Dr. Bonifay’s research interests are in the area of psychological measurement, with particular focus in item response theory and model evaluation. He has published a number of quantitative research articles on psychometric topics such as dimensionality assessment, subscale analysis, and model complexity. He has also collaborated with substantive educational and psychological researchers, applying item response theory and structural equation models to better understand certain issues in school psychology, psychiatric treatment, and cognitive behavioral therapy.
Dr. Easter is an Educational Psychologist who teaches introductory applied statistics courses in the Educational, School, and Counseling Psychology department. His research interests include scale development, motivation, and online learning environments. He has worked on projects to develop online learning materials for the US Navy, US Department of Labor, and the University of Missouri.
Dr. Huang is an applied quantitative methodologist who focuses on both methodological (e.g., analysis of clustered data) and substantive (e.g., school climate, effectiveness of interventions, measurement of school bullying) areas of research. He is the recipient of a national research award given by the American Educational Research Association (AERA) and sits on the editorial boards of School Psychology Quarterly and AERA Open. His recent research has been funded by separate grants from the U.S. Department of Education and the Office of Juvenile Justice and Delinquency Prevention Program of the U.S. Department of Justice.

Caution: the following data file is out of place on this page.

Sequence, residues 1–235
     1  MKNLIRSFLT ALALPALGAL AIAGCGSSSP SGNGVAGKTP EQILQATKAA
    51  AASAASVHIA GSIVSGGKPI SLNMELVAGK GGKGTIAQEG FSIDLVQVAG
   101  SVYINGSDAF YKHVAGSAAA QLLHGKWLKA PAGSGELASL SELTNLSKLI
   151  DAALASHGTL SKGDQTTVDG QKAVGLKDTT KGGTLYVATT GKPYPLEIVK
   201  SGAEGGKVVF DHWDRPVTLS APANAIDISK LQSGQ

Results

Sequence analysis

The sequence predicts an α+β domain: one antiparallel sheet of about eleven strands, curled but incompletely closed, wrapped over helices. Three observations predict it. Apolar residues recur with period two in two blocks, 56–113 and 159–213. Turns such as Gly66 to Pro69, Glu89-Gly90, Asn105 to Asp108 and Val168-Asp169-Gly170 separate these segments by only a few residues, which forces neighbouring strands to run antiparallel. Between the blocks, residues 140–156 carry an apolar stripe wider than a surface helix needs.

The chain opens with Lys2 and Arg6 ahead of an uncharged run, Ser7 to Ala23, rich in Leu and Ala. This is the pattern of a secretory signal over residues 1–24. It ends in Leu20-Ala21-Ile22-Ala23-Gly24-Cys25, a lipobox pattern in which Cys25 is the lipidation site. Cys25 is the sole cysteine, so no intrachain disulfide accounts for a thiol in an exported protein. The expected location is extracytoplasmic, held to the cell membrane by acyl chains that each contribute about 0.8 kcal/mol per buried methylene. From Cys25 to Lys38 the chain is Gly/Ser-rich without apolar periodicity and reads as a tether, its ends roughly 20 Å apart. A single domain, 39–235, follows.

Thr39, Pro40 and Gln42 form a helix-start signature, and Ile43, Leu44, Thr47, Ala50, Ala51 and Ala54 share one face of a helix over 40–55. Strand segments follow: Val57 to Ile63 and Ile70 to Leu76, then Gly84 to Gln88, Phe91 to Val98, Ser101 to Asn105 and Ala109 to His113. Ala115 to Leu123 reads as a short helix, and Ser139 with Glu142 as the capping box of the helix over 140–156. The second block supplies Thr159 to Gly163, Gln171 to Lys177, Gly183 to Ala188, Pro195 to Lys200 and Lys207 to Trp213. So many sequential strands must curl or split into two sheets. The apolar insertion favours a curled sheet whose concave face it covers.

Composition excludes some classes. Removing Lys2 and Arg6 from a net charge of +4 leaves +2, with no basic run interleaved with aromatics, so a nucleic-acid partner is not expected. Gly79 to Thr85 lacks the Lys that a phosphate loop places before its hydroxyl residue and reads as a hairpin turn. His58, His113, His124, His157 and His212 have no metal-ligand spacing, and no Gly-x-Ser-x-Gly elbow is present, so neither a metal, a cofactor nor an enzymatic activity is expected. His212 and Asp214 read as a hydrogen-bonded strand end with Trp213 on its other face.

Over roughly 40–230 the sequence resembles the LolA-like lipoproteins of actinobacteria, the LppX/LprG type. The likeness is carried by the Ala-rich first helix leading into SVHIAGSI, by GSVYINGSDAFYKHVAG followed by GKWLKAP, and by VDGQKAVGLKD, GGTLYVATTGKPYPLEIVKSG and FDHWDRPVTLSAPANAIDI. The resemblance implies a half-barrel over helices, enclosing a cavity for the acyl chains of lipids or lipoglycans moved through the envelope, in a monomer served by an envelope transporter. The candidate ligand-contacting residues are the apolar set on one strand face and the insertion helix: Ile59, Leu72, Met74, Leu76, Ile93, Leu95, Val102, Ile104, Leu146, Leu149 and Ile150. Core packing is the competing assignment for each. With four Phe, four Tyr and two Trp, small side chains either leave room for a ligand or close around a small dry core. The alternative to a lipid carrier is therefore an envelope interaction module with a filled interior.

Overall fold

Dr. Kim’s research interests focus on causal inference in educational and psychological research that includes quasi-experimental designs (matching, propensity score methods, difference-in-differences, fixed effects models), causal mediational analysis, causal graphical models (directed acyclic graphs), and causal discovery. His research integrates conventional statistical methods and modern causal inference frameworks and he have developed intuitive causal graphical representations for popular statistical methods in nonexperimental studies such as regression discontinuity, instrumental variables, and gain scores methods.
Dr. Wang’s research integrates substantive theories and advanced quantitative methods to understand student learning processes and outcomes. Her research interests include statistical modeling using large-scale educational assessment data, measurement, scale development, and program evaluation. She has extensive experience in research design, applied statistical analysis, and statistical consulting. Dr. Wang has been on teams of projects funded by the National Science Foundation, the U.S. Department of Education, and the National Institutes of Health. She co-developed the Classroom Engagement Inventory (CEI) and won multiple awards for excellence in teaching and student advising.
Dr. Wiedermann’s primary research interests include the development of methods for causal inference, methods to determine the direction of effects in nonexperimental studies, and methods for intensive longitudinal data in the person-oriented research setting. He has edited volumes on advances in statistical methods for causal inference and new developments in statistical methods for dependent data analysis in the social and behavioral sciences. He serves as an associate editor of Behaviormetrika and the Journal of Person-Oriented Research.